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CostHelper.com > Consumer Electronics > Laptops > How to Choose a Laptop

How to Choose a Laptop


Other Products:

Netbooks

11" to 13" Laptops

14" to 16" Laptops

17" to 18" Laptops



See Also:

How to Get the Best Deal on a Laptop

Whether a college student or a business professional, consumers have a variety of choices when selecting a laptop.

Types of Laptops

Laptops come in a variety of shapes and sizes:

  • Check out prices and features on Netbooks, which are the lightest and smallest of laptops. Their capabilities are on par with tablets.
  • Check out prices and features on 11" to 13" laptops, which are often the choice models for students and traveling professionals who enjoy the portability of 3-pound models.
  • Check out prices and features on 14" to 16" laptops, which bridge the gap between portability and high functionaly.
  • Check out prices and features on 17" to 18" laptops, which can serve as replacements for desktop computers.

Processor

Computers use a processor to complete tasks -- the faster the processor, the faster it completes those tasks. Most laptops use Intel chips: Core i3, Core i5 or Core i7, with the higher numbers signifying faster, more powerful chips. Typically, i3 and i5 chips are in laptops that can perform basic tasks such as checking email and surfing the Web. The Core i7 chip is more suited to intensive tasks such as editing photos or video.

Memory

Measured in RAM (random-access memory), memory is the amount of space a computer uses to run programs simultaneously. Most laptops have at least 4GB of RAM, which is plenty for running an Internet browser, a music player and an email provider. To also run programs for photo and video editing, 8GB of RAM or higher is recommended.

Storage Capacity

Current models of laptops either have a traditional hard drive (with many moving parts) or a solid-state drive (or flash memory). Traditional hard drives typically have more storage space -- 320GB and up, while solid state drives typically have less space. Solid-state drives often cost more than the traditional hard drive counterparts. For consumers who do video and photo editing, larger drives provide more space for larger files. A solid-state drive has no moving parts, unlike traditional drives which users can hear spinning. The lack of moving parts makes the drives more durable. In addition, the solid-state drives can perform faster.

Size and Weight

Laptops come in a wide range of sizes. Smaller laptops, such as netbooks, are very light and portable, but are restricted to 10" screens. Students and travelling professionals often like 11" to 13" laptops, which can weigh less than 3 pounds and still perform tasks of a desktop computer. Laptop models in the 14" to 16" range are some of the most popular sizes, bridging the gap between portability and having a screen large enough to enjoy streaming videos. Models that are 17" to 18" are heavier and typically stay in one spot. The larger models are often used as a replacement for a desktop PC.

Resolution

The display resolution on the screen can be vitally important to computer users who do video and photo editing. Most laptops have at least a 1366x768 resolution, which is the lowest quality resolution that is still high-definition. Many laptops have 1600x900 resolution, which offers a clearer, brighter picture. Apple now offers MacBook Pro models with Retina Display that have super high-definition resolution.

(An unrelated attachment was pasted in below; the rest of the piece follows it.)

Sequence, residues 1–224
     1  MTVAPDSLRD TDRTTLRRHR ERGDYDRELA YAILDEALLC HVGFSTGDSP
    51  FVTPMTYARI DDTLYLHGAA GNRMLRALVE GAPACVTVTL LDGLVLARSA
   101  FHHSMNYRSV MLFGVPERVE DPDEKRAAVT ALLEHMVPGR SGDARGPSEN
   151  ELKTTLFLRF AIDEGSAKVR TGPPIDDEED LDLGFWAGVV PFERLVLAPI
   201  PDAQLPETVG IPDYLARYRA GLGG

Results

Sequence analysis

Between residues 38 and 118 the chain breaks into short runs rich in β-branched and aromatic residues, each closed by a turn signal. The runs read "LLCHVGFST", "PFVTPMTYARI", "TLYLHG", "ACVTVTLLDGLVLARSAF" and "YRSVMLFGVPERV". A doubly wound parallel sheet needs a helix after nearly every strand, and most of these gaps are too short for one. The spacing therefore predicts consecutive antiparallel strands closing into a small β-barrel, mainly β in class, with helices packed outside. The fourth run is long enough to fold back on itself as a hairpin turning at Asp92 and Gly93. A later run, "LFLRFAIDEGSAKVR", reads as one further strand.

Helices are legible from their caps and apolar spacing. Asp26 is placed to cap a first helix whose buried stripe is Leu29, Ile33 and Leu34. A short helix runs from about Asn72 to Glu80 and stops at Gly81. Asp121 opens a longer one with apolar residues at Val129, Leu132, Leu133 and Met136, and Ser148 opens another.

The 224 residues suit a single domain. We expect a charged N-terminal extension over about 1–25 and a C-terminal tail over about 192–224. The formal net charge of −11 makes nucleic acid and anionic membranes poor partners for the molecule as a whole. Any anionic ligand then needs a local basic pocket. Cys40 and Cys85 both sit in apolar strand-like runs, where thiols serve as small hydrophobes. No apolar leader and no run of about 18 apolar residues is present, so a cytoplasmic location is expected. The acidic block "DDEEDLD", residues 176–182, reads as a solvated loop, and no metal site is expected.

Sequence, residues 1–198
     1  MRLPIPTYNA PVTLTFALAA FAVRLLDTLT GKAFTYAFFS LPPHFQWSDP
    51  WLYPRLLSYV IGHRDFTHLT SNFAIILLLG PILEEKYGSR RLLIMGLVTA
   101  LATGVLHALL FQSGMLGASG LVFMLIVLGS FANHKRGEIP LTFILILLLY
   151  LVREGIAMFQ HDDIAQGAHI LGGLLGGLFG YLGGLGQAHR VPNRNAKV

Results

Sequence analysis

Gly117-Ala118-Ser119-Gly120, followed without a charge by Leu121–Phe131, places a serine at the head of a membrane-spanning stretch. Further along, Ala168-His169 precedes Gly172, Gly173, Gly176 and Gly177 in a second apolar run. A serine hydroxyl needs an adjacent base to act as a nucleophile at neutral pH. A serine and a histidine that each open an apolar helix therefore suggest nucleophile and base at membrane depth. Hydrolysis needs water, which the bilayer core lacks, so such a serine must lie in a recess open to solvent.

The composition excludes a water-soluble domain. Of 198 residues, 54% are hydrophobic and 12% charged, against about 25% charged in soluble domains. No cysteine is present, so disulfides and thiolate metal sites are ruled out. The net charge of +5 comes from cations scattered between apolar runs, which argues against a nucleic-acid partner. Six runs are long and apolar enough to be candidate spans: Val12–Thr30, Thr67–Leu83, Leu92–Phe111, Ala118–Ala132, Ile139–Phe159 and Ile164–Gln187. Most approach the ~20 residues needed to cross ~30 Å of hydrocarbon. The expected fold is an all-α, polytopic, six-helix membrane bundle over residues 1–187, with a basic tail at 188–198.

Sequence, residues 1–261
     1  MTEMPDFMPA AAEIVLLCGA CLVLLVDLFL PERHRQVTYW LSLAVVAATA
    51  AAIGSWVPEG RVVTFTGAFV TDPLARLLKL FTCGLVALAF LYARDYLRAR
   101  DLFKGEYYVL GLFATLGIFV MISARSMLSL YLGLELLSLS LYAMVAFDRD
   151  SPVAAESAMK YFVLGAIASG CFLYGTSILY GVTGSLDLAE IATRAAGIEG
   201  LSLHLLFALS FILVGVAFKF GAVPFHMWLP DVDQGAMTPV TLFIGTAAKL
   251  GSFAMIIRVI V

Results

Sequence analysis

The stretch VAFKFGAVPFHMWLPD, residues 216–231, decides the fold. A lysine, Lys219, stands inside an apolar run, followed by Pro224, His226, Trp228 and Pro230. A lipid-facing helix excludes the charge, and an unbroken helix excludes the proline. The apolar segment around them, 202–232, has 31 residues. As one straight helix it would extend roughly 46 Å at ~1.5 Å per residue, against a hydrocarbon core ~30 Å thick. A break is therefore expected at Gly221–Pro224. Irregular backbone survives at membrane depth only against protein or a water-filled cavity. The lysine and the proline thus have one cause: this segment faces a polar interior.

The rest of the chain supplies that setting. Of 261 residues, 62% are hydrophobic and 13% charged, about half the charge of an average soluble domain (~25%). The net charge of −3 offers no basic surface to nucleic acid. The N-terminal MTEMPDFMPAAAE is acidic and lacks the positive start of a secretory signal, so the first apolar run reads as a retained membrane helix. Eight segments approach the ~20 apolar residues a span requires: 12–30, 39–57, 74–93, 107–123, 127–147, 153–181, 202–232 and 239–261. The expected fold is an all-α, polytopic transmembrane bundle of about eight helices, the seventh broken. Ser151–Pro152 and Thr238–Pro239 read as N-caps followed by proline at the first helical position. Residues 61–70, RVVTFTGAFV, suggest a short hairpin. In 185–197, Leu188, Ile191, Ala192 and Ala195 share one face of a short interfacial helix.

Operating System

Most computers run using a version of Microsoft Windows, which is the most common operating system found on PCs. Consumers can choose between models with Windows 7 and models with the newly released Windows 8, which adds tablet-like touch-screen capabilities to the operating system. Apple's Mac laptops use OS X Mountain Lion, which was released in early 2012. In addition, a new operating system is emerging in Google products: Chrome OS is a system that shares characteristics with both the Chrome browser and the Android operating system.

Ports and Slots

Connectivity options are vital on laptops and most come with several means of sharing information. Many laptops offer HDMI ports for mirroring images on larger screens such as HDTVs. Other video connections include VGA, DisplayPort and Thunderbolt ports. Typically, the ports require an additional adapter to make connections. Also, laptops should have at least two, if not more, USB connections which can be used for connecting everything from an optical mouse to an external keyboard to a portable drive. USB 3.0 ports can transfer data 10 times faster than USB 2.0 ports. Consumers should also look for card readers, which can be used to expand the storage capacity of a laptop.

Security Features

Some laptops, including the Lenovo ThinkPad, have security features such as fingerprint scanners to identify users. Some laptops also come with pre-installed security software.

Battery Life

Most laptops last at least six hours on a single charge, but some can last more than eight hours, according to the manufacturers. Business professionals may prefer a computer than can provide a full eight-hour day of battery life. Consumers should note that the estimated battery life posted on manufacturer's websites might not match the battery life in real-life use, as certain tasks such as streaming video use more energy than writing emails.

Optical Drive

Optical drives are for reading and writing CDs and DVDs. Most smaller laptops, such as netbooks and ultrabooks, typically don't have optical drives, although some costlier models offer them. For example, MacBook Air models do not have optical drives, but the Lenovo ThinkPad X230 does offer the option of an internal optical drive. Larger laptops -- those with display screens larger than 14", generally do have optical drives. External optical drives typically cost $50-$80.